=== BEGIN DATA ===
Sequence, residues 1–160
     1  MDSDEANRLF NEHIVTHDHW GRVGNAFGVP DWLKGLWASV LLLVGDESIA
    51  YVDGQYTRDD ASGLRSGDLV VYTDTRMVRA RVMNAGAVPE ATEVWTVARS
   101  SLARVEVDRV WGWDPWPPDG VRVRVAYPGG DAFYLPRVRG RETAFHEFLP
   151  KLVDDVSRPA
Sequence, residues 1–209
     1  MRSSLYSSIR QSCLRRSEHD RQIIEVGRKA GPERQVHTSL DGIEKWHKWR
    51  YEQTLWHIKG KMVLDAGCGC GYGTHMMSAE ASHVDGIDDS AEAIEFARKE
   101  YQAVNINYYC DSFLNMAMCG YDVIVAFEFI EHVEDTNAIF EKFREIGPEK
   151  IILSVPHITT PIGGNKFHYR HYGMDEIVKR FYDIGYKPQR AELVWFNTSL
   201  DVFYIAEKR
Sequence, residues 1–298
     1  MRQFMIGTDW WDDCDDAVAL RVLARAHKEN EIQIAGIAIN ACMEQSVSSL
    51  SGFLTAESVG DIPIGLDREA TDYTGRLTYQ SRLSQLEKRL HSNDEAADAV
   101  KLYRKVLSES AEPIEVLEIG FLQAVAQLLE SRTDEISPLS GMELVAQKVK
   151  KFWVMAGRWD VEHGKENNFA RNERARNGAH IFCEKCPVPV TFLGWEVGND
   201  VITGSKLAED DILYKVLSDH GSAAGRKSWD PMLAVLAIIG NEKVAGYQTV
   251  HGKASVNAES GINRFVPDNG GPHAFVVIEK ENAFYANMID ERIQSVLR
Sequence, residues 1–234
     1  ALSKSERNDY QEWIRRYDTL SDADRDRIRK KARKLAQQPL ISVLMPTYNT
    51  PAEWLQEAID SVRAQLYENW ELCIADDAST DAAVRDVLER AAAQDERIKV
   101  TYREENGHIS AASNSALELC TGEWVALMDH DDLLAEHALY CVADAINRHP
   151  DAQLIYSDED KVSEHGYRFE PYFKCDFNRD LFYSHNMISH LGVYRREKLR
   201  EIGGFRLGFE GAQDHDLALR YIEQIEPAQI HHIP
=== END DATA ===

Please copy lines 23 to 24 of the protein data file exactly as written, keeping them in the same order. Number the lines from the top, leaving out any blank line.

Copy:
   151  DAQLIYSDED KVSEHGYRFE PYFKCDFNRD LFYSHNMISH LGVYRREKLR
   201  EIGGFRLGFE GAQDHDLALR YIEQIEPAQI HHIP